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Deep learning was one of the great breakthroughs in the field of artificial intelligence. Generally, there is a belief that deep learning may be all that is needed to replicate human intelligence. However, the reality is that challenges remain, as exposing a neural network to an unknown dataset will reveal it in a fragile way.
For example, in the case of autonomous cars they are apparently effective, but AI systems can easily get it wrong. If the system has only been trained to identify objects from side perspectives, it is unlikely to recognise them from a higher perspective.
Taking advantage of the impact and the large investment involved in AI development today, new proposals are emerging every day to develop Deep Learning, Machine Learning, new algorithms, and so on.
Recently, Geoffrey Hinton presented GLOM, a project that tackles two of the most difficult problems for visual perception systems. Firstly, understanding an entire scene in relation to objects and their natural parts, and secondly, recognising objects when viewed from a new perspective. Although the GLOM approach currently focuses on vision, it is expected to be developed for language applications.
The problem with networks is that grouping parts can be complicated for computers, as parts can sometimes be ambiguous. That is, a circle can represent an eye or a wheel. Initially, the first generation of AI tried to recognise objects from geometry in a so-called part-whole relationship, which consists of spatial orientation between parts, and between parts and the whole.
In parallel, the second generation relied on deep learning, training the neural network with large volumes of data and information. The idea of GLOM combines the best properties of both generations.
Consequently, GLOM presents good prospects towards achieving the perception of AI in a more human-like method than current neural networks.
Thus, if his bet is successful, Hinton will trigger a new revolution in artificial intelligence as he has done on previous occasions. GLOM may represent the next generation of artificial neural networks.
The development of this architecture has basically been about introducing intuitive strategies to AI. So it’s about looking at the heuristics that people have, building those neural networks, and then demonstrating that those networks work best in vision as a result.
So with visual perception, the parts of an object are analysed so that the AI is able to understand the whole. For example, in facial recognition, it could recognise only a person’s nose to identify him or her – this would be a hierarchy of part and whole.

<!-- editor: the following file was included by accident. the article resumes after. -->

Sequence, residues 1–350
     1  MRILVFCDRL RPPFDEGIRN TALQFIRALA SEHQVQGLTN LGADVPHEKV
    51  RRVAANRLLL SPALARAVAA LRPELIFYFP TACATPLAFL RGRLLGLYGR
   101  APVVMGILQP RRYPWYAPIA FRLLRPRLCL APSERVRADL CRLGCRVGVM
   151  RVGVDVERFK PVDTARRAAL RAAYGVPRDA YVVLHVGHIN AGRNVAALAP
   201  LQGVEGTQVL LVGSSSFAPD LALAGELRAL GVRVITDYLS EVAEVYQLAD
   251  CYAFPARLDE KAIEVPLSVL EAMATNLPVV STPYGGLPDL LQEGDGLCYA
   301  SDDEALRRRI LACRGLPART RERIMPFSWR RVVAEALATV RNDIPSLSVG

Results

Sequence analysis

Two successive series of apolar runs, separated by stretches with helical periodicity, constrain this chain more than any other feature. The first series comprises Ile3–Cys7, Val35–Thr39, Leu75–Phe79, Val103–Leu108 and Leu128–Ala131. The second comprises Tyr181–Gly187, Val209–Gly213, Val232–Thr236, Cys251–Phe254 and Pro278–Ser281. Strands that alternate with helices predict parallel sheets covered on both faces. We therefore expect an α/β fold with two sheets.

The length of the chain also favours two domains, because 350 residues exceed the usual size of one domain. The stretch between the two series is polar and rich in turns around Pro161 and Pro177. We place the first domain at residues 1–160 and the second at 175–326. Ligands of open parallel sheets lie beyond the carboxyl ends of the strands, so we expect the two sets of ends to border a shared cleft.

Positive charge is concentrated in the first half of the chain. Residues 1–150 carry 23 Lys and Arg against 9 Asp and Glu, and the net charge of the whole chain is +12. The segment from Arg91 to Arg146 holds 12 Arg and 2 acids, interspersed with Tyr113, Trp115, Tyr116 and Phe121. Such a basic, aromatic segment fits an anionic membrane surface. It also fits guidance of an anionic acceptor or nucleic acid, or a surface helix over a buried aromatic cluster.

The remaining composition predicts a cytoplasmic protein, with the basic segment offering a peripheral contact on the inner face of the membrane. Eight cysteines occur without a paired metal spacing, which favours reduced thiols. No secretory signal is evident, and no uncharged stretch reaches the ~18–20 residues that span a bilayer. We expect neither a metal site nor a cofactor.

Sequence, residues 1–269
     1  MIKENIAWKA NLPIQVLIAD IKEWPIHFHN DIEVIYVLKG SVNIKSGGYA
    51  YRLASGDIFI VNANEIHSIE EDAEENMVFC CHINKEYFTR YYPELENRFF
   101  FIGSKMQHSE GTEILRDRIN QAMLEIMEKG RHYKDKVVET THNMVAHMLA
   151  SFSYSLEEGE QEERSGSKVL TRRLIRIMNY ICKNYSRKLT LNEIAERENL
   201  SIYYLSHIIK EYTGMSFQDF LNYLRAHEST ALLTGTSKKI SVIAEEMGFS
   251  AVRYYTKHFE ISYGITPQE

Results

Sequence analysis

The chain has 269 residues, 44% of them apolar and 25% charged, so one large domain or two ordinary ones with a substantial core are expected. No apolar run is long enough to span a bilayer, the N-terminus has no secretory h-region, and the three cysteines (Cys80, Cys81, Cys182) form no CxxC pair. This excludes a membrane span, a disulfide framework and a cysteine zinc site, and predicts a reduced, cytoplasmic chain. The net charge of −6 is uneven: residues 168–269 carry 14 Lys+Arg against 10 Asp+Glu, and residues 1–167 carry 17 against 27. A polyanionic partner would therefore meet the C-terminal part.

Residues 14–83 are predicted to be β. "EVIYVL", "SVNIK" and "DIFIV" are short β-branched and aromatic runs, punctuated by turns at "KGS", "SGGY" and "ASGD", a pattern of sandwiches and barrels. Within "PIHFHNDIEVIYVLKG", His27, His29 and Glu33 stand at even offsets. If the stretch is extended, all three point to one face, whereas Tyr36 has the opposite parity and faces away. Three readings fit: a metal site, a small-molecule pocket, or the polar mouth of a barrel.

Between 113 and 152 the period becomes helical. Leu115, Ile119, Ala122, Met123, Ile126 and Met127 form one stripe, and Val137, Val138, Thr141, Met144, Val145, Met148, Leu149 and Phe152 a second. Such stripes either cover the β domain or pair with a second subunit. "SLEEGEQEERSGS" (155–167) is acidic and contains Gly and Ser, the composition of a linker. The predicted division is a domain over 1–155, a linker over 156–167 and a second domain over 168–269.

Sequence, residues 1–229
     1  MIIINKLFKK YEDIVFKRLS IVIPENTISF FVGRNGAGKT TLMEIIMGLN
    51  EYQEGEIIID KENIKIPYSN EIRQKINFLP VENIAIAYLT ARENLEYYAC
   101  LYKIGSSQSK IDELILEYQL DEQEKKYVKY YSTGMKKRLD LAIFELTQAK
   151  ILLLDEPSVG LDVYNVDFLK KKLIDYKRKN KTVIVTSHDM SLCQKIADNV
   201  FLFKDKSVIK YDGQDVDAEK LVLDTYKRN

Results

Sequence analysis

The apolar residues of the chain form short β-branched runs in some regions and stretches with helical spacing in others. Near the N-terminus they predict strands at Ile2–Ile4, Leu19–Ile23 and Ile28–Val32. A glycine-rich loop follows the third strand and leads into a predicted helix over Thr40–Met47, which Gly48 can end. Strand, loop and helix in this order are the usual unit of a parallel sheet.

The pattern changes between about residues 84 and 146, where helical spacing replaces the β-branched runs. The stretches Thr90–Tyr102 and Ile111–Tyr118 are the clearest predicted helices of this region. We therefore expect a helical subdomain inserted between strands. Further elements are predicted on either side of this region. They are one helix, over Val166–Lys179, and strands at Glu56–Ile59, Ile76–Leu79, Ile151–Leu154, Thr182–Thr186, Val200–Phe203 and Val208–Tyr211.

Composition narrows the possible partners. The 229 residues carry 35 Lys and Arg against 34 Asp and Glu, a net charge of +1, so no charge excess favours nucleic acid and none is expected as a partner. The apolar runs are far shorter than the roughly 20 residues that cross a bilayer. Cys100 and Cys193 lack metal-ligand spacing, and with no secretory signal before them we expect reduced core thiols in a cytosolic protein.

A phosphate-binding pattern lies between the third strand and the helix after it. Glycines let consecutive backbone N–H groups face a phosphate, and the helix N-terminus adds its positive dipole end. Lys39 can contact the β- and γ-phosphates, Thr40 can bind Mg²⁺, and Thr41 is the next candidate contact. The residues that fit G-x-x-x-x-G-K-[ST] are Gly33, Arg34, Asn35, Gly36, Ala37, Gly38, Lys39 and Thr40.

In humans, the brain is able to understand this kind of part-whole hierarchy by creating something known as a “parse tree”, which is a branching diagram capable of demonstrating the hierarchical relationship between the whole, its parts and subparts. For example, a face would be the top of the hierarchical tree, where the nose, mouth and eyes would be the branches below and form the whole.
Hinton’s initial idea with GLOM is therefore to replicate this tree in a neural network, although replicating it exactly is difficult due to technical difficulties. The difficulty is that the neural network would have to parse each individual image into a single parse tree, and the static architecture of the networks makes it difficult to adopt a new structure for each new image seen.
So, the way to understand the GLOM architecture is to divide an image of interest into a grid, where each part of it is a location in the image. Now, for each location on the grid there are about five levels and, level by level, the system makes a prediction with a vector representing the information.
For example, a first level might describe the eyelashes of an eye, and the next level, in charge of constructing a coherent representation, predicts that it is part of the face seen from a particular angle. Basically, this coherence is achieved when vectors at the same level from several locations point in the same direction, generating a conclusion that both vectors belong to the same eye, and at higher levels of the tree, both vectors belong to the same face.
However, the network averages selectively, by means of neighbour predictions that show similarities, i.e. only predictions of similar locations are accepted by an echo chamber. This means, a situation where information is amplified by transmission and repetition in a closed system.
Thus, in GLOM, vectors with only slight variations of the same direction generate collective predictions that are reinforced and amplified over an image.